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Ask the Wellness Educator

Reducing Blood-Sugar Levels
I am not diabetic but would like to reduce my blood-sugar levels. What do you recommend that I change in my diet and supplements?
Susan Hunter

Dr. Jen's Answer:
Dear Susan;

It's very wise to be aware of blood-sugar levels and keep them stable because type-II diabetes can develop as we age. The biggest risk is having long periods of insulin resistance, which is the decreased ability of certain cells to recognize normal amounts of insulin, "tricking" the body into producing more of it. Insulin is responsible for transporting sugar and protein into cells. Eventually, this over-production exhausts the cells in the pancreas that produce it, causing blood sugar to rise, resulting in a diagnosis of diabetes.

Weight loss (if you are overweight) and exercise will help decrease insulin resistance and lower blood-sugar. A diet low in carbohydrates and high in protein and healthy fats is also essential in order to reduce blood-sugar levels. Avoid processed foods and eat plenty of plant-based foods as your largest source of calories. Supplements also help reduce blood sugar and prevent complications. Here are some of the top nutrients and herbs you should focus on:

    Chromium: This trace mineral improves sensitivity to insulin and helps lower blood sugar. Recommendation: Up to 1,000 mcg/day.

    Alpha lipoic acid: A powerful antioxidant known to improve insulin sensitivity. It also prevents or slows kidney damage and improves symptoms of diabetic neuropathy (nerve pain). Recommendation: 600-1,200 mg/day.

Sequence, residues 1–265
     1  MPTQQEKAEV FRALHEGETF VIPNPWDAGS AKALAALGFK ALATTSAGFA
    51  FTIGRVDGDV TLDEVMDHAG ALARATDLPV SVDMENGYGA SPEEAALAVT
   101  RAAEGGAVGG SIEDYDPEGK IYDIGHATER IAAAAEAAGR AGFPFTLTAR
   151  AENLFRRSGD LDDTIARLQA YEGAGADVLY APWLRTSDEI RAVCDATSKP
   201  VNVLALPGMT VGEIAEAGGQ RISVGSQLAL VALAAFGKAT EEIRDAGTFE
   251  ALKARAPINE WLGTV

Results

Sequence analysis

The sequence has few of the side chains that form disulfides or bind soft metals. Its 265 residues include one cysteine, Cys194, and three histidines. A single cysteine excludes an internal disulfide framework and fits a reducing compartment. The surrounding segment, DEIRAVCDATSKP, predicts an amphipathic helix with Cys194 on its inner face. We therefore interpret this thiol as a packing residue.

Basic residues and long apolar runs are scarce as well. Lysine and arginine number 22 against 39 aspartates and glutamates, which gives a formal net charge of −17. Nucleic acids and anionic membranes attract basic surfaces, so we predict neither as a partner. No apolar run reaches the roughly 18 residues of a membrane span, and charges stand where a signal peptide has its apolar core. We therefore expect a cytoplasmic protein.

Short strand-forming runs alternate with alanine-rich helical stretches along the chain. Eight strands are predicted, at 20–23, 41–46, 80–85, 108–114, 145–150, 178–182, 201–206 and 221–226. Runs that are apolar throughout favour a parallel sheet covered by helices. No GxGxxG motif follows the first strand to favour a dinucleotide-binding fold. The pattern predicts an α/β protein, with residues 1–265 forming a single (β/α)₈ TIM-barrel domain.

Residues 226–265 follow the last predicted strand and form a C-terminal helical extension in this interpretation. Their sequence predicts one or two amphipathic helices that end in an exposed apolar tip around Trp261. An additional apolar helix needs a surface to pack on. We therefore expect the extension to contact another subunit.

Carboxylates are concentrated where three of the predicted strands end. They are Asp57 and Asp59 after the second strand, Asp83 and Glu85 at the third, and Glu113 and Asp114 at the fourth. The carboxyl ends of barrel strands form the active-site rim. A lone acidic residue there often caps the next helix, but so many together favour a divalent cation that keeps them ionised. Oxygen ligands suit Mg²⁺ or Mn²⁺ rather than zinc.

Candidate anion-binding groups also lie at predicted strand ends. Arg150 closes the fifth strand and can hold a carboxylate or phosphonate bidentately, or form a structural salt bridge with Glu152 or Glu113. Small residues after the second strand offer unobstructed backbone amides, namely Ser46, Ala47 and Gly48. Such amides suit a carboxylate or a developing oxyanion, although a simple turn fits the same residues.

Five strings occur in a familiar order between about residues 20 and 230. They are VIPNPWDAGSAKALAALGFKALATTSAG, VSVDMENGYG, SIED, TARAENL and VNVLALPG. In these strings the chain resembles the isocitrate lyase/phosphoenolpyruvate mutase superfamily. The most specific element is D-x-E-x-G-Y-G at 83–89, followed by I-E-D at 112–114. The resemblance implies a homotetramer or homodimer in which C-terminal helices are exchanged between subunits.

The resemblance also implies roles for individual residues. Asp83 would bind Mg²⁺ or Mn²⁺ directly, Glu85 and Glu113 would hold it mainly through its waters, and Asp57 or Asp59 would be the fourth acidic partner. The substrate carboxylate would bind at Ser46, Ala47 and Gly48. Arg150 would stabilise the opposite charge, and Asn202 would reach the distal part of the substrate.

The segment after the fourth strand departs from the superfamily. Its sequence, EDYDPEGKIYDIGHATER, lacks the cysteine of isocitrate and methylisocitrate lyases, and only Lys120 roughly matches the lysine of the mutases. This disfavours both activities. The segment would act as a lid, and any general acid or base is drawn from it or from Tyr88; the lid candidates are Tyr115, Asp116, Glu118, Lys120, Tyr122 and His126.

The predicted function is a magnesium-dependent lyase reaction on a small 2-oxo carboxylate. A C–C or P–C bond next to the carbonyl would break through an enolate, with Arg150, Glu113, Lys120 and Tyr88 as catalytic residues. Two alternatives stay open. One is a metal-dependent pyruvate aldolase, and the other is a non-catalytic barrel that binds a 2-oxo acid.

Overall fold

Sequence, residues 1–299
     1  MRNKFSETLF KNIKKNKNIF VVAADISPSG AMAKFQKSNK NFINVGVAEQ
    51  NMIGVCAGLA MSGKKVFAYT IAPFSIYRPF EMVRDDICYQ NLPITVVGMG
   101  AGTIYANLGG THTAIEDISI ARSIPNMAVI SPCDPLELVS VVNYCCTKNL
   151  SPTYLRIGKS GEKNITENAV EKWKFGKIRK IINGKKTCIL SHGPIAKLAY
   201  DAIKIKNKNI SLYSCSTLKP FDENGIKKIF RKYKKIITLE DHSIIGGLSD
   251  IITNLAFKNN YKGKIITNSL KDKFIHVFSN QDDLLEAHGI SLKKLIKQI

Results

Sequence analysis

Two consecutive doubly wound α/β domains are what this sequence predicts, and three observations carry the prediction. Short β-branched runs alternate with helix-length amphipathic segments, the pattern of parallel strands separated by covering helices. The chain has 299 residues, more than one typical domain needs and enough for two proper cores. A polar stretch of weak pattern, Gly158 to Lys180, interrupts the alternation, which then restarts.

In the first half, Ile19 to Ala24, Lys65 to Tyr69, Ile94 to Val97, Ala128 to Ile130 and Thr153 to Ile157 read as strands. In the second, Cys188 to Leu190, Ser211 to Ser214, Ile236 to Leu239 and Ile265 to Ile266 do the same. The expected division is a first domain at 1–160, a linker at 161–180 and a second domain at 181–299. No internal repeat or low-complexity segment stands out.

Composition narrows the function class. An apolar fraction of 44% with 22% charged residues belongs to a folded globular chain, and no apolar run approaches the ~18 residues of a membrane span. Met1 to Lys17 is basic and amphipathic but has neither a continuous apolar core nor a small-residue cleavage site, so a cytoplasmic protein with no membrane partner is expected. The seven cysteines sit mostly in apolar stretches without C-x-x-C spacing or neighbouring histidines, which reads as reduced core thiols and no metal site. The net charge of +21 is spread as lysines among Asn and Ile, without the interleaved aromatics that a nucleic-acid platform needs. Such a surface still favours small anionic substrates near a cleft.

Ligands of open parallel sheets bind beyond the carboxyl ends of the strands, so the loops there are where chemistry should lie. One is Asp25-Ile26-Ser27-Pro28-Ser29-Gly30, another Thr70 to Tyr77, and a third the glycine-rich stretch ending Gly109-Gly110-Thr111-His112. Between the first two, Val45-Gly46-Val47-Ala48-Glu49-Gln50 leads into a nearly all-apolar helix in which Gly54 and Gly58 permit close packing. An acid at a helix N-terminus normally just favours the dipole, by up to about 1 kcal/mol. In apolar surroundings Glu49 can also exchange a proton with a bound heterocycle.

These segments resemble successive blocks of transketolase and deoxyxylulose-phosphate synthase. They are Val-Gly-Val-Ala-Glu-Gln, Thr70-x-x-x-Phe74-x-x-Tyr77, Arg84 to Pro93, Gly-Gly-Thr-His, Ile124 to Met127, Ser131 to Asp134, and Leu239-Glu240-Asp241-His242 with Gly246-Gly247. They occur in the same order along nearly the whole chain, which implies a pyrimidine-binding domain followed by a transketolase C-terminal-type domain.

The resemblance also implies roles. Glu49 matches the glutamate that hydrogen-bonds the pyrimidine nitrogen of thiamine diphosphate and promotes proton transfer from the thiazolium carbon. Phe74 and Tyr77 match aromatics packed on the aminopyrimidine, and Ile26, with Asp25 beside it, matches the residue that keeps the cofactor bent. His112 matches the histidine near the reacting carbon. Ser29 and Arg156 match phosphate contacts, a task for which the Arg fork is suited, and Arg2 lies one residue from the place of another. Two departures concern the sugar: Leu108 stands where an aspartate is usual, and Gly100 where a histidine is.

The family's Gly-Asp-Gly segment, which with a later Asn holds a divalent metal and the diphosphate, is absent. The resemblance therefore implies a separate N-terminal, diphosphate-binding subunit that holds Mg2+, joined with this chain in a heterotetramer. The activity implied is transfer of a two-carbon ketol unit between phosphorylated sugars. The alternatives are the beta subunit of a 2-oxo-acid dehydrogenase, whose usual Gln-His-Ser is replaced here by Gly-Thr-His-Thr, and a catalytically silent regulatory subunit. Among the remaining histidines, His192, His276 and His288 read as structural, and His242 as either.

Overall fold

Magnesium: May improve insulin production. Many people are deficient in this key mineral. Recommendation: 200-600 mg/day.

    Vitamin E and Vitamin C: If you have low levels of vitamin E, you are more likely to develop diabetes. Taking both antioxidants is more effective than just one. They are shown to improve insulin resistance and decrease damage to nerves, eyes, and kidneys. Recommendation: 800 IU/day Vitamin E and 1-3 grams of vitamin C.

    Gymnema: This herb stimulates the pancreas to secrete more insulin and increases cell sensitivity to insulin when given at 800 mg/day.

    Protein Drinks: These can help stabilize blood sugar when you don't have time for a meal, or if you aren't getting enough protein from your diet.

    Psyllium: Fiber, such as psyllium, helps reduce high cholesterol, which is common among those with diabetes. It also lowers blood sugar levels.

    • B vitamins (Vitamin B1, Vitamin B6, and Vitamin B12): All are shown to help reduce blood sugar. Type II diabetes is very preventable and treatable with these simple lifestyle adjustments and supportive supplements.

Dr. Jen

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